In pre-COVID times, the idea of using remote communications to inform staff they were being let go would have been akin to dumping your partner via text – highly impersonal, emotionally distressing, and usually suggestive of a lack of courage to ‘face the music’. However, in the wake of the coronavirus outbreak, breaking the news about lay-offs in a virtual setting – such as through video conferencing software like Zoom or Skype – has become an unfortunate and often unavoidable reality.
When ride-hailing firm Uber had to lay off 3500 employees in May, outgoing staff members received the news via a Zoom video call; a similar scenario played out for employees of the company formerly known as Weight Watchers (now WW), whose lay-offs were announced in a group video conference.
Despite remote lay-offs being the ‘new normal’ in our post-COVID environment, it’s crucial that employers approach the situation with great care and sensitivity, so as to minimise the emotional impact on their outgoing employees.
While ensuring staff members feel supported and respected when being laid off is even more challenging when communications are limited to virtual meetings, there are a number of factors employers can consider to make remote job losses less distressing.
Conduct a one-on-one meeting where possible
Just because you’re having to lay off staff using remote methods, it doesn’t mean your usual standards of conducting business have to be abandoned. As in a non-remote setting, news of a job loss is generally best delivered in a one-to-one scenario to ensure you can give the recipient the time and attention they deserve.
It should be noted that the impact of COVID has resulted in some situations where individual lay-off meetings aren’t feasible. For example, if word has already started to spread through an organisation that job losses are imminent, it’s probably going to be better for you to deliver the news as quickly as possible to everyone involved rather than allowing rumours to tear through your staff like wildfire.
The rule of thumb here is to aim to replicate the in-person experience as closely as possible. So, if feasible, arrange a one-on-one video conference that allows you to manage the responses and emotions of your retrenched employees in a more personal setting than a group meeting.
Allow enough time for a full discussion
While the meeting may be uncomfortable and difficult for both you and the recipient, trying to rush through proceedings or having to make a quick exit because you run out of time is only going to make matters worse. Be sure to allocate sufficient time to explain the decision, outline next steps, and answer any questions your former employees may have.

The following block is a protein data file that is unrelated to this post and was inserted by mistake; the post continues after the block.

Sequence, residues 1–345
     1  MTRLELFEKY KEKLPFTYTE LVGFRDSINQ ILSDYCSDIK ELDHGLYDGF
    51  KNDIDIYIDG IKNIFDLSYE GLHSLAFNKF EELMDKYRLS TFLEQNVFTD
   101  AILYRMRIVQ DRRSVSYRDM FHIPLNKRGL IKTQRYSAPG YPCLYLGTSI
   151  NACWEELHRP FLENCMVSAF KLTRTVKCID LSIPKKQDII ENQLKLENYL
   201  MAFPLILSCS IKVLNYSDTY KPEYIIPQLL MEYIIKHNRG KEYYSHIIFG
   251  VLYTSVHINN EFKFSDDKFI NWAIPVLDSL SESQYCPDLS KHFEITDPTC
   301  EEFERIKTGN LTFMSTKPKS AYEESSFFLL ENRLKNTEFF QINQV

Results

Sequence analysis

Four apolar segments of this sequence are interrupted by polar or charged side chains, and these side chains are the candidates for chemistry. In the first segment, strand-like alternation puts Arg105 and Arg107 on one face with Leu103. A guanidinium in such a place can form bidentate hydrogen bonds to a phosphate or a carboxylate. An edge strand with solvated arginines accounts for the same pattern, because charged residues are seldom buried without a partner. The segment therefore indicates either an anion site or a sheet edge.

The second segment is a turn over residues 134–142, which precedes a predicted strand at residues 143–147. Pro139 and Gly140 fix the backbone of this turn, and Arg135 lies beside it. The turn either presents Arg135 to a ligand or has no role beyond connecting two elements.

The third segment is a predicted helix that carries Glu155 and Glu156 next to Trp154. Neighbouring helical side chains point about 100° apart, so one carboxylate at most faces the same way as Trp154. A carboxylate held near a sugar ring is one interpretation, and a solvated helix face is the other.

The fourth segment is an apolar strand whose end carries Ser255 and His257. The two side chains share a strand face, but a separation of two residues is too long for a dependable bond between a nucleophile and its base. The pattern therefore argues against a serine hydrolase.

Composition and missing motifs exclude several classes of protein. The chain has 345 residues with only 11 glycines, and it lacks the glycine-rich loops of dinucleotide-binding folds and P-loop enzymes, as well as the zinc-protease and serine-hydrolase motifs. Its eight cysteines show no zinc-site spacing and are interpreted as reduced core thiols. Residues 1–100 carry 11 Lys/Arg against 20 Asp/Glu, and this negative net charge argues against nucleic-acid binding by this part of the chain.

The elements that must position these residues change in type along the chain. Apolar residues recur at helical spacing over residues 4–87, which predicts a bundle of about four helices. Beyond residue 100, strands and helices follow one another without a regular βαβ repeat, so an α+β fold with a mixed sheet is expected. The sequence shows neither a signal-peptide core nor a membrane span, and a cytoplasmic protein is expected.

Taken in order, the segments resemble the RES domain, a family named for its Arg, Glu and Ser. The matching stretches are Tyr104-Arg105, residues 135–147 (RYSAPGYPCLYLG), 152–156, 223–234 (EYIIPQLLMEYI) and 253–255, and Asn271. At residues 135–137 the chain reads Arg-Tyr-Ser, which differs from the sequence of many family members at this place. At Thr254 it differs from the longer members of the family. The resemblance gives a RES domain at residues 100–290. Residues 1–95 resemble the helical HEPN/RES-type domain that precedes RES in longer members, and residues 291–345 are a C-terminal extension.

At the same time, be respectful of the wishes of retrenched staff members – some may prefer to get off the call as soon as possible and take their own time to process the news. The important thing is to ensure they know they can reach out again when they feel ready to continue the discussion.
Remind employees why you’re having to let them go remotely
Even if it seems obvious why layoffs are being conducted remotely, highlighting the fact that this would not be your preferred method of letting staff go can help to remind them that these are unusually challenging times to say the least. Similarly, reiterating the fact that the decision was nothing personal but rather the fall-out from the global pandemic can improve the way it’s received.
By making a point of explaining the reason for having to conduct the meeting remotely and acknowledging the impact this may have can help retrenched employees to feel seen and understood, as well as providing reassurance that any complex emotions they experience are perfectly valid.
Be prepared to deal with a range of emotions
The way people respond to bad news can vary greatly – and when the delivery of that news is undertaken in the impersonal setting of a remote meeting, emotional responses may be heightened. It’s important to allow your outgoing employees to express their emotions and vocalise how they’re feeling.
Initial emotional responses may include shock, sadness, or anger. Try to gauge how the employee in question is feeling and give them space to express themselves, lending a listening ear and a supportive demeanour. The truth of the matter is, you may also feel distressed or upset about the situation, but it’s important to remain calm and reassuring – the last thing your employee wants is to feel they have to manage your emotions on top of their own.
Have a clear follow-up plan in place
Being laid off remotely will be a distressing experience at the time, but the hours and days that follow may bring up further complex emotions for your outgoing employees, as they grapple with the reality of having lost their job without the human support of being in the office. If the employees in question are also in a lockdown environment, this sense of isolation and abandonment is likely to be increased.
For this reason, it’s crucial you have a solid follow-up plan in place so former employees know what to expect after they’ve received the news. This may include scheduling a second virtual meeting to answer any further questions, as well as having a clear point of contact for enquiries and concerns.
In addition, your follow-up may involve offering an online outplacement program to provide former employees with the support and guidance they need in their career transition. If you’d like to find out more about Career365’s online outplacement programs, visit www.career365.com.au
In the next article, I’ll be exploring the emotional impact of being laid off remotely, common types of emotional responses from outgoing staff members, and how employers can support their former employees during the transition period.